Shabbat never felt so good as sleeping off jet lag on Saturday morning. Many of us missed breakfast, but the cleverer ones on our trip found a way to sleep in AND get more Ohalo Manor food. After waiting off a rain delay and a certain hotel room that took some liberties with showing up on time, we were ready to start our day of leisure. Eventually, we embarked on one of Ronen’s patented walking tours of the nearby Kibbutz. This entailed the startling realization that Ohalo Manor was actually situated on the same Kibbutz. Along with my failure to notice the very obvious lake right next to the hotel on the first night, I’m starting to think that I wouldn’t notice if we left Israel all together. We learned about Israeli water resources and continued our ongoing education of “things Israel is number one in the world at.” Water conservation is on the list, which is pretty cool for the more sustainability minded on the trip. We first visited the Kibbutz dairy, and many of us tried to feed the cows. I will spare the gorier details, but we got to smell and step on some exciting new things. The cows weren’t as thrilled as we were; mine wouldn’t eat out of my hand even after 5 minutes of intense eye contact and utter stillness. We visited the calfs as well, and some of us noticed a random peacock just wandering around. I think it, along with the cats and pigeons that roam around stores and the hotel, are all in an animal gang slowly taking over the country. At the Kibbutz proper, we spoke to some residents, including an awesome old man who was really psyched to talk to us (“Shalom Shalom Shalom, I go home!”). We learned about the privatization of Kibbutzes and the according proof that socialism doesn’t work. Sry Lenin. Nonetheless, Kibutzes are still a really unique form of living that has survived almost a century in Israel, and we got to see much of that first hand.


Back at the hotel, we had a great Q&A with Rabs that covered such topics as the future of Judaism, why Chabbad is sweet, the afterlife, and Crossfit. After all the wisdom, we needed to decompress a little, and we put on some brief skits about the differences between Israelis and Americans. Lesson learned: though we Jews are funny, we know little to nothing about Israeli stereotypes. I have to assume that most Israelis don’t go to Caribbean islands to ask about wrapping Tfillin, but its probably pretty safe to guess that we all would spend the whole time on vacation complaining about service. Oi Vey. We ended Shabbat with Havdalah, a fun ceremony of songs and scents. Apparently Zev did the same thing at his Bar Mitzvah, making it a nice call back for him (Mom, I know you are reading this, and I really think we missed a good chance to scare the gentile friends).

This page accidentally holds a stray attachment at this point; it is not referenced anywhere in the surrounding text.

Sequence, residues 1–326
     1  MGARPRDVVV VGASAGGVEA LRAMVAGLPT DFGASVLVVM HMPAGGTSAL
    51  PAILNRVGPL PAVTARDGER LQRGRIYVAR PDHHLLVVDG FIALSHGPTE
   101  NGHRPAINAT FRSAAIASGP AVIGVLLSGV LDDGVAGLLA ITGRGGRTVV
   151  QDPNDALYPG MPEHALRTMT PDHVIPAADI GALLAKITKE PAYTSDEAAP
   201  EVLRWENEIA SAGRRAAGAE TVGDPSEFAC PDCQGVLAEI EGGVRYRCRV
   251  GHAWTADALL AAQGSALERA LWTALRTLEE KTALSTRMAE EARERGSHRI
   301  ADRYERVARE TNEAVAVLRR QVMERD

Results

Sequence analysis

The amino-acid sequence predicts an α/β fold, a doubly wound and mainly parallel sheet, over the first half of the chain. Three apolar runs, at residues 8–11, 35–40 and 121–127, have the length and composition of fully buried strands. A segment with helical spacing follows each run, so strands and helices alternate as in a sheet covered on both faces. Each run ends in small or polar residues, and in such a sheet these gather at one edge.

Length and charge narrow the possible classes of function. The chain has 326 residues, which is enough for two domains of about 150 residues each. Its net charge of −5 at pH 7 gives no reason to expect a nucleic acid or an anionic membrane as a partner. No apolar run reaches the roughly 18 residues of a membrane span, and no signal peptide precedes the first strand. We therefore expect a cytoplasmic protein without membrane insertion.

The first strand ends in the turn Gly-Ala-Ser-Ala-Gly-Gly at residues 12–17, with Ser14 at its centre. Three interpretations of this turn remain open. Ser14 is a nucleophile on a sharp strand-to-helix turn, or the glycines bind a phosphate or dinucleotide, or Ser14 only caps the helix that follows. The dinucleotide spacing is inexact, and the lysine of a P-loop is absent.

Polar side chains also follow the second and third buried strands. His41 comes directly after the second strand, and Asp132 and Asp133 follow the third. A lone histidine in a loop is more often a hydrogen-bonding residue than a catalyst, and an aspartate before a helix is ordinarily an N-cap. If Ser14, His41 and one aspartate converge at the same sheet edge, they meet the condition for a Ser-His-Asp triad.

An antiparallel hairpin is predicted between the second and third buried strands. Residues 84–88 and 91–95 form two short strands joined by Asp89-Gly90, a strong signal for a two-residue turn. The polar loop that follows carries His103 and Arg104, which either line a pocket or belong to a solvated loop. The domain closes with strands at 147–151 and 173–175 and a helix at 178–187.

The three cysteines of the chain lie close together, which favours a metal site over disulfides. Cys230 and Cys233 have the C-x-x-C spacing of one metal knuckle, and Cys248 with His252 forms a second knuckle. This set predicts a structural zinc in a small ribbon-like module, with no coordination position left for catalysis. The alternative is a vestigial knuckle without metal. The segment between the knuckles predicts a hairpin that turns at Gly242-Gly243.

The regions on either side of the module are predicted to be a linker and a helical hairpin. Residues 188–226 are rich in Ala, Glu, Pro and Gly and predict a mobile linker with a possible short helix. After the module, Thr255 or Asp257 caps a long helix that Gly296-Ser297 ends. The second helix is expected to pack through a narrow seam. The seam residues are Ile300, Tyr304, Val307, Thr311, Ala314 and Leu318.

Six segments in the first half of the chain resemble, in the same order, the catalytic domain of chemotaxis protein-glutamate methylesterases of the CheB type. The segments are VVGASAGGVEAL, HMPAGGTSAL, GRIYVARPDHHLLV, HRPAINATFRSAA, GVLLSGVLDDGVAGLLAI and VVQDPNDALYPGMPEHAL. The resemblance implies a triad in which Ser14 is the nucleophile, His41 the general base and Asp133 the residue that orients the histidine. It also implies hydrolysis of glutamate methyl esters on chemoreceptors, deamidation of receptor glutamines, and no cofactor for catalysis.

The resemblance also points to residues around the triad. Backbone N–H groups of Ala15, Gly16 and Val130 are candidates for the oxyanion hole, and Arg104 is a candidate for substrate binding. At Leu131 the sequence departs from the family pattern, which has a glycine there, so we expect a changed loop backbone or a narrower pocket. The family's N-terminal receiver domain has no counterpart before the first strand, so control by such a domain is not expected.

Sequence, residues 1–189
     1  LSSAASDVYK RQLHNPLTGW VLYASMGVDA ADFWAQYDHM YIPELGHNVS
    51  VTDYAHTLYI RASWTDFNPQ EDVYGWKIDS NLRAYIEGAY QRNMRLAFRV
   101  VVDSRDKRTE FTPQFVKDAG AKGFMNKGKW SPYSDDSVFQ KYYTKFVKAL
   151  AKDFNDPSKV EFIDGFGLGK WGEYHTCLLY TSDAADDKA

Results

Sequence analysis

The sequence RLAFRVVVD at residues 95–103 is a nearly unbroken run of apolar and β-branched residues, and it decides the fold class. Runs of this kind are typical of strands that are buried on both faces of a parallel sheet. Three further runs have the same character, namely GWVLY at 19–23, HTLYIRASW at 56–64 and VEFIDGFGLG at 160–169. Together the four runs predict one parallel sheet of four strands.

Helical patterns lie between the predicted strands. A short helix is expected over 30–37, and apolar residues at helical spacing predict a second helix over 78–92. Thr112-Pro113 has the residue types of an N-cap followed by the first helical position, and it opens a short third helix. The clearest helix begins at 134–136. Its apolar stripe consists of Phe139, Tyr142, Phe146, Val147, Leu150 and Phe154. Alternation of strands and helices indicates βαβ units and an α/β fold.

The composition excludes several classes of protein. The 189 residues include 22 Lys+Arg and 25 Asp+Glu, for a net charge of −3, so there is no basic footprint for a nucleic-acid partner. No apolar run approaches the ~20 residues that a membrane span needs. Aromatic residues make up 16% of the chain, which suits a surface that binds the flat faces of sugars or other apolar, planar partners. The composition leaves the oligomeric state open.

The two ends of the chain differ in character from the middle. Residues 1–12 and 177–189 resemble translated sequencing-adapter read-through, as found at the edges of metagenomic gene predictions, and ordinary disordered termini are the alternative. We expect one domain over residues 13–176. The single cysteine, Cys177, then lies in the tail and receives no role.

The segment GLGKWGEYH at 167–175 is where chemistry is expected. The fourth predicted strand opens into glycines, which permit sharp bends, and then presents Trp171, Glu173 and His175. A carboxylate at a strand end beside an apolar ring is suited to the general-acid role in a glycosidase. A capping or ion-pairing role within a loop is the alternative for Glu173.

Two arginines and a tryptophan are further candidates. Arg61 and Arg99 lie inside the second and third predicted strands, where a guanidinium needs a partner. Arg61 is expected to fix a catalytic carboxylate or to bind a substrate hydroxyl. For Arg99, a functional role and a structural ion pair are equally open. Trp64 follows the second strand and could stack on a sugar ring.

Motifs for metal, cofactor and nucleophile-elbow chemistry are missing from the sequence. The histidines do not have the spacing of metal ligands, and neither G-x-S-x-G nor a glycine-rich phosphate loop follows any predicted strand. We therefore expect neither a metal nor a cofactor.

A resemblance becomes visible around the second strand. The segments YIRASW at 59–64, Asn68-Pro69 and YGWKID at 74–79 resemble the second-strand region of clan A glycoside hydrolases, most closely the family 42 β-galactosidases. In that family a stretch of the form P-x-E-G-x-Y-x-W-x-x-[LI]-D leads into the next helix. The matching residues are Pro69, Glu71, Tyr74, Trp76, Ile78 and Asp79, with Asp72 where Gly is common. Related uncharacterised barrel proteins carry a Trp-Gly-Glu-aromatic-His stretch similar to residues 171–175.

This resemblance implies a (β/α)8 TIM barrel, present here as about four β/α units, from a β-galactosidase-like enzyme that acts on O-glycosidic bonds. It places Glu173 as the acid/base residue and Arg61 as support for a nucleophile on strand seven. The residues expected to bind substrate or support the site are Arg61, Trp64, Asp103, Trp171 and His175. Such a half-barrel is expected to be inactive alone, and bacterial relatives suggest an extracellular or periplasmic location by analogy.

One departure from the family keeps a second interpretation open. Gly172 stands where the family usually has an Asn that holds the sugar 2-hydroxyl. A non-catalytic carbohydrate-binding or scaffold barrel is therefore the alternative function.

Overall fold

Immediately after, we headed to the bus to hit the town in Tiberius. Though we had to miss an Ohalo dinner, we were all excited at the prospect of Israeli beer (but not enough to get drunk, obviously) and this boardwalk that Ronen kept talking about. We all knew that all the cool kids hang out at boardwalks! We started at Big Ben, Ronen’s recommended pub, and most of us got dinner there. It was a delightful callback to American cuisine, complete with plenty of ketchup. We experienced the full extent of Israeli wines (their two options, red or white, are supposedly some of the most popular wine choices in the world). Hearing us discuss the relative “grimness” of our meals made me feel like we were all back at Dartmouth eating dining food! I particularly enjoyed the EDM music that seemed to be constantly increasing in volume. I would say it was the musical equivalent of the food. We also saw the Dartmouth Hillel group, who assured us that they had been having as much fun in Israel as us. Eventually, the more excitable amongst us (cough cough KDEs) turned Big Ben into a regular dance party, complete with a multi colored disco ball (the one that all my friends had at THEIR Bar Mitzvahs. Thanks a lot Mom). We turned an otherwise questionable dining experience into a pretty good time. Due to popular opinion, we left Tiberius 15 whole minutes early and returned back to Ohalo. We had one last night in American insularity before the soldiers joined us. We are now on the bus heading to the Golan Heights for some ATVing. I’m sorry if that last sentence was a little scary, Mom. Just focus on the eight active duty IDF, not the ATVs. Or the international geo-political conflict. Stay tuned for more news from the Holy Land!